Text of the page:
Bobcat Goldthwait has never been good at self-promotion, he says. The 57-year-old comedian has been in his profession since he was 15, so he thinks he should have mastered it by now.
To keep the conversation going, he makes wisecracks and admits to duping journalists in the past. He once imitated Dave Grohl during a phone interview when the Foo Fighters frontman was in Nirvana.
“You never know,” he says when asked about it. “This could be Dave Grohl.”
Goldthwait still has it in him. He’s marking a return to the comedy circuit after directing films and TV shows.
He helmed “Jimmy Kimmel Live” along with films like “Sleeping Dogs Lie” and “World’s Greatest Dad.” He’s currently working with Judd Apatow on turning a documentary about comedian Barry Crimmins, who died in 2018, into a feature film.
“I direct a lot of things, like different people’s stand-up specials,” he says. “I directed a live performance of the author Mo Willems, who writes books for kids at the Kennedy Center. It was really fun. The kids were like a room full of drunken sailors. I am busy a lot.”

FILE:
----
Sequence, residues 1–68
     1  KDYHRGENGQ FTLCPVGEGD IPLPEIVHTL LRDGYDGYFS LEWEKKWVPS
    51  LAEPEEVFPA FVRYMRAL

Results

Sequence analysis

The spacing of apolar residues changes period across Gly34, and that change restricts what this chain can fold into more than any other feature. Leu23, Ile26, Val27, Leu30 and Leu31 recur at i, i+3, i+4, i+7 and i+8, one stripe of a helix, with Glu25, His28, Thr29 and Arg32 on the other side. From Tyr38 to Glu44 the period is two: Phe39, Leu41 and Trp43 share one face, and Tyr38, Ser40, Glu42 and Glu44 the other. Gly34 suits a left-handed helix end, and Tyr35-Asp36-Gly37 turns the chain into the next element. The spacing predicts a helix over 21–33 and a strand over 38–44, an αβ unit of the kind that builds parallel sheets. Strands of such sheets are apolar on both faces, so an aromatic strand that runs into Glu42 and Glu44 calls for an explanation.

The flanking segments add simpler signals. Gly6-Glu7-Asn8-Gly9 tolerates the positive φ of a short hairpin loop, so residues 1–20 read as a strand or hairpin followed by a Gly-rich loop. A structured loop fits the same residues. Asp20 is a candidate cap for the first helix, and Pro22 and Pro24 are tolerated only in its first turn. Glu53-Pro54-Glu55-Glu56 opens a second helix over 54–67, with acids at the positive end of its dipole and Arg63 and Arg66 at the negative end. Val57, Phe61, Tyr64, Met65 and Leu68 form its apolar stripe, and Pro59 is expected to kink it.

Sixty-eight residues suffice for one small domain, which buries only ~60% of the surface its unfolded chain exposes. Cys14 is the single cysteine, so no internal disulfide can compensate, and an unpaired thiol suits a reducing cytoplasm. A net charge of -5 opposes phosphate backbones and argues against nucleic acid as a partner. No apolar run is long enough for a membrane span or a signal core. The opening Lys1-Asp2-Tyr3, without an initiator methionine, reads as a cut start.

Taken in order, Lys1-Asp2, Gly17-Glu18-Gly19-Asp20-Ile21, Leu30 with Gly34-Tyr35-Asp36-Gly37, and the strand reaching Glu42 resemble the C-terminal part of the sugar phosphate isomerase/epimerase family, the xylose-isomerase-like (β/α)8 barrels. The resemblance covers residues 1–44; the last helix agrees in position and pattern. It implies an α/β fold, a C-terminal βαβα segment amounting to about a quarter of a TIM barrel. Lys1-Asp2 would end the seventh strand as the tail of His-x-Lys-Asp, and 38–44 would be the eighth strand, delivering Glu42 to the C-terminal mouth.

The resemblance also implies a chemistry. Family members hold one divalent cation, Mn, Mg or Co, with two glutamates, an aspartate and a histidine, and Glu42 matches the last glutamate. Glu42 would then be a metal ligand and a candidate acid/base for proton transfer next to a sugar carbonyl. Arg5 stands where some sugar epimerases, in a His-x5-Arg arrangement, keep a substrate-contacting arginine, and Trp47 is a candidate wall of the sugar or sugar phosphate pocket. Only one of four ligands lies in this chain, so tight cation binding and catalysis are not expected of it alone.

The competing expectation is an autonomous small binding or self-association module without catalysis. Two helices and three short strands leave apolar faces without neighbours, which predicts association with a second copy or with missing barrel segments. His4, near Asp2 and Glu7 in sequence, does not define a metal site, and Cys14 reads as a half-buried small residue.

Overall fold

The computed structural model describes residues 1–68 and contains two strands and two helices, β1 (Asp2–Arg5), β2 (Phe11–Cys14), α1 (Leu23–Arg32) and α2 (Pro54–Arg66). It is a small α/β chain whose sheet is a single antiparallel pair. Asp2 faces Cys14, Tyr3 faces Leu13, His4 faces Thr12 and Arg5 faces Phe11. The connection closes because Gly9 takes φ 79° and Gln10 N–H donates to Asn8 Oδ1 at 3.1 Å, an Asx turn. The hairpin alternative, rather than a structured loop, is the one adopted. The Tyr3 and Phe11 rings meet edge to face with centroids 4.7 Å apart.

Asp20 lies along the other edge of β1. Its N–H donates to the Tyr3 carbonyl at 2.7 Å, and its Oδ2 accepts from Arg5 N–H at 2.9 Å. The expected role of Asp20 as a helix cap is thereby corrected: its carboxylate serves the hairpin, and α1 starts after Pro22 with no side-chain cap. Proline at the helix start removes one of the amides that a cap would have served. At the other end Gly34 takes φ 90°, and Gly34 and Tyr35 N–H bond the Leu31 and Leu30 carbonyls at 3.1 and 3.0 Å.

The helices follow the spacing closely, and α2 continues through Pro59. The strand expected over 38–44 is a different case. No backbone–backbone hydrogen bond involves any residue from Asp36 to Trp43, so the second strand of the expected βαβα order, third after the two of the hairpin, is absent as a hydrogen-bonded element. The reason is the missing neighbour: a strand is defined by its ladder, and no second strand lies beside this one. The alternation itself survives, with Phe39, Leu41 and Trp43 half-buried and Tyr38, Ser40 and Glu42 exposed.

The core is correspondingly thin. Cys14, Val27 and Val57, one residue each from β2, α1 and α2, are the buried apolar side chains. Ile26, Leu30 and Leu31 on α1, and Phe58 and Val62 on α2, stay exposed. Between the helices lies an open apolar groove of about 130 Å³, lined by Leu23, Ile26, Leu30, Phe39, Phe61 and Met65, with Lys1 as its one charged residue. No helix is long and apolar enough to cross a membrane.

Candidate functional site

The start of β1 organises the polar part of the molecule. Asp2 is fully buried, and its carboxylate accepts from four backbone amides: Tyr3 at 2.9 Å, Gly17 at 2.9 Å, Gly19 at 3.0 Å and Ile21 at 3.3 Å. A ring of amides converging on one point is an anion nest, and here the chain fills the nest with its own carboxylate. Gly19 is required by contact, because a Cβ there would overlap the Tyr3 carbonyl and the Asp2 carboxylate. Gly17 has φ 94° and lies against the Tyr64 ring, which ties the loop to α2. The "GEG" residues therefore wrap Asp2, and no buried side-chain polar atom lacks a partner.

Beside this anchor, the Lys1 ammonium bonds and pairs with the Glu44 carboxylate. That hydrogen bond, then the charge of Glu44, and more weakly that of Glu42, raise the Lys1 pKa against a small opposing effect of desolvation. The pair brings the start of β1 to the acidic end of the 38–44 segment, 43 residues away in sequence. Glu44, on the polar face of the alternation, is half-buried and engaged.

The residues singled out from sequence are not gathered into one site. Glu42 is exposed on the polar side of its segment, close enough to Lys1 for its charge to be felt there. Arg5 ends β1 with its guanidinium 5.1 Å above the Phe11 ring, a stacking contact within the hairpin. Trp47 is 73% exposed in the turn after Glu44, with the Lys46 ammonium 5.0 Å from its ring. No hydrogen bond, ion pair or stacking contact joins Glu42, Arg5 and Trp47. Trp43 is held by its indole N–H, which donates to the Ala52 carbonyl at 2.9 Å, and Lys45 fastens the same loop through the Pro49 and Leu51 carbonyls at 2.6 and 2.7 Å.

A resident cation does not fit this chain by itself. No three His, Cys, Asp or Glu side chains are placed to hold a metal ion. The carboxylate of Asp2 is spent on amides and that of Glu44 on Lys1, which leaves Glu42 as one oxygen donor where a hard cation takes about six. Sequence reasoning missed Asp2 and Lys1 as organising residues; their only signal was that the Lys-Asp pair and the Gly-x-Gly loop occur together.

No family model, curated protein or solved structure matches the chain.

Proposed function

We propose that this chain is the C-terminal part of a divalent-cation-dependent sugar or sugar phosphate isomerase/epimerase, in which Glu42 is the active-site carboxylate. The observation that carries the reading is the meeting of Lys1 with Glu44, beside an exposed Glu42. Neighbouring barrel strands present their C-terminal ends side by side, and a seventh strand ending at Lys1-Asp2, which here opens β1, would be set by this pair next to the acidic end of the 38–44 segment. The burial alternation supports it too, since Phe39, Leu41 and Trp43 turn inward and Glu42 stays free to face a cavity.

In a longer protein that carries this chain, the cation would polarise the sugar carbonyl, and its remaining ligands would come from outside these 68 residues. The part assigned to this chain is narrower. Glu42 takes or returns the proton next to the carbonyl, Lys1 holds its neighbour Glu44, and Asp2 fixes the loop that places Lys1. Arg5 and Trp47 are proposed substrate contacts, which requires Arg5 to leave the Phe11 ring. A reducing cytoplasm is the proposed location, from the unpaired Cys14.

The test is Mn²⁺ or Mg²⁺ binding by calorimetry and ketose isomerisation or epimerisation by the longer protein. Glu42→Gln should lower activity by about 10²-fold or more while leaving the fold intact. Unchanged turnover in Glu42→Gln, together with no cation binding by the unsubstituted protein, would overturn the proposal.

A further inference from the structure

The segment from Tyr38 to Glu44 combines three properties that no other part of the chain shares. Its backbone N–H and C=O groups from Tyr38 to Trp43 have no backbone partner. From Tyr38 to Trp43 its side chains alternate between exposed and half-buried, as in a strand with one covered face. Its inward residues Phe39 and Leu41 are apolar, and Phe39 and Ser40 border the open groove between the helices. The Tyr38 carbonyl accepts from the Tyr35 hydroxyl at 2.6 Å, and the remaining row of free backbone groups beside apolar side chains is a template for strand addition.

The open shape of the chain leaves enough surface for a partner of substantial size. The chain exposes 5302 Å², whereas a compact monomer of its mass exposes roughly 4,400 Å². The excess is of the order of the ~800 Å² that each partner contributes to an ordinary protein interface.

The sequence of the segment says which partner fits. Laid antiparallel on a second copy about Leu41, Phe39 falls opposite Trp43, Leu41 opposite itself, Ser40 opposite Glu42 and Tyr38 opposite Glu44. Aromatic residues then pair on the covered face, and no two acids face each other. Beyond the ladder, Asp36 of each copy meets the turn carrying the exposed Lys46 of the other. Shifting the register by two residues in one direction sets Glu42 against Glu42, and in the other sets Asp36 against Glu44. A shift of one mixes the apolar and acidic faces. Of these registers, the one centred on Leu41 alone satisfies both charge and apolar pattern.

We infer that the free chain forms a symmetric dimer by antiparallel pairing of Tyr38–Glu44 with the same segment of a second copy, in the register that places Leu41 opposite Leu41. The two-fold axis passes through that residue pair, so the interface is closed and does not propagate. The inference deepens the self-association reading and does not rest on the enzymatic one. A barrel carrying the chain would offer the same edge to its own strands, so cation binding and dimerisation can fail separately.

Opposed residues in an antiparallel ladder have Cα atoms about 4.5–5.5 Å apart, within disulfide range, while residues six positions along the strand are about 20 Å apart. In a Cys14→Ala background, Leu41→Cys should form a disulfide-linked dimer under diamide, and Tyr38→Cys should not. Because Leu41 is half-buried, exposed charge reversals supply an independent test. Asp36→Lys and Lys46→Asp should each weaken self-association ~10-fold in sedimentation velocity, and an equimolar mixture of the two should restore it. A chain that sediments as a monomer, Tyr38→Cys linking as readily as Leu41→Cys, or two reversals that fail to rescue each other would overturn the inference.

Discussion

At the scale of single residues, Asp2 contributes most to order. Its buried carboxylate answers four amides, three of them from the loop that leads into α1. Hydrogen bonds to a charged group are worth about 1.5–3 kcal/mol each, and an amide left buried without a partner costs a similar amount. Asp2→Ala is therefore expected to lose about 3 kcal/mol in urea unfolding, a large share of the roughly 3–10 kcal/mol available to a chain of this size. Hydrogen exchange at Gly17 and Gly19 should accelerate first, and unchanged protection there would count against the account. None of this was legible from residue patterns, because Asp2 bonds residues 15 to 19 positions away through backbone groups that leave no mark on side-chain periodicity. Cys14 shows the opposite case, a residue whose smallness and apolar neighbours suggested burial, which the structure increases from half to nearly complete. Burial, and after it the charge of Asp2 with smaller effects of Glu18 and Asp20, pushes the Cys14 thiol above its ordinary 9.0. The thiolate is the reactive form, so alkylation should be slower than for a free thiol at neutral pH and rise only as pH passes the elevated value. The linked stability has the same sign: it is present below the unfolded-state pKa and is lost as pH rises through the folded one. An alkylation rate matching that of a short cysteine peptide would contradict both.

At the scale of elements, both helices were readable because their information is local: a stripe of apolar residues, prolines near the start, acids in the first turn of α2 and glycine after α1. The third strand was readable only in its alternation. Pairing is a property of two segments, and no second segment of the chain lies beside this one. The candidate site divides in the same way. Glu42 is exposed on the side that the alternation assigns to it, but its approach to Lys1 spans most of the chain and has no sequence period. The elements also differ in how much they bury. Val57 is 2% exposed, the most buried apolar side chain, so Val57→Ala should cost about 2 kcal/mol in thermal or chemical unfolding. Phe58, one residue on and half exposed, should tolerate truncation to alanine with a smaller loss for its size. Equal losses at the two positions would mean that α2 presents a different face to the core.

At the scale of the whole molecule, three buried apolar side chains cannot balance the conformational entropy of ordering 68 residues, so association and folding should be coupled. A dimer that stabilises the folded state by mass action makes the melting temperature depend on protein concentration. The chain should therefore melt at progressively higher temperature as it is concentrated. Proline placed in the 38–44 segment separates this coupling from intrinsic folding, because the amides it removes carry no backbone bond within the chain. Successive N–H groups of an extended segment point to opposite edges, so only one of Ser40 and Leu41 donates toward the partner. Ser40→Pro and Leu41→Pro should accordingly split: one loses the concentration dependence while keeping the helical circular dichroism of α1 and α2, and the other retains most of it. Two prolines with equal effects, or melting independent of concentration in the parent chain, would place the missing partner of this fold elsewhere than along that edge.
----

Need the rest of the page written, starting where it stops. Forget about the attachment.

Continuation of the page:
He’s returning to the stage because he misses connecting with people—no matter their political or social stances. Also, “the world’s so fractured right now.”
“It must be easier for younger comedians in this day and age to get material,” he says. “The nation is getting more divided. Last night, I was in an uber left progressive neighborhood.”
Goldthwait suggested the audience “change their perspective.” That went over like a ton of bricks.
“The show felt like the orchestra on the Titanic,” he says.
Goldthwait didn’t want to give away too much about his show, but he did say it’s evolved over the years. The one common thread is it serves as therapy for him.
“As a guy getting close to AARP-card age, I think it would be a little on the sad side if I did the same act as I did in the ’80s,” he says without realizing the AARP age is 50. “I do still have a lot of energy in my show, though. I just don’t sound like Grover on crack.”
“I’m just really grateful I get to do this. That’s a new thing. That wasn’t always the case. It’s a pretty amazing thing to have the ability to go up on stage and entertain after all these years.”
CB Live, 21001 N. Tatum Boulevard, Phoenix, 602.910.5161, cblive.com, 7:30 p.m. and 10 p.m. Friday, January 31, 7 p.m. and 9:30 p.m. Saturday, February 1, tickets start at $22.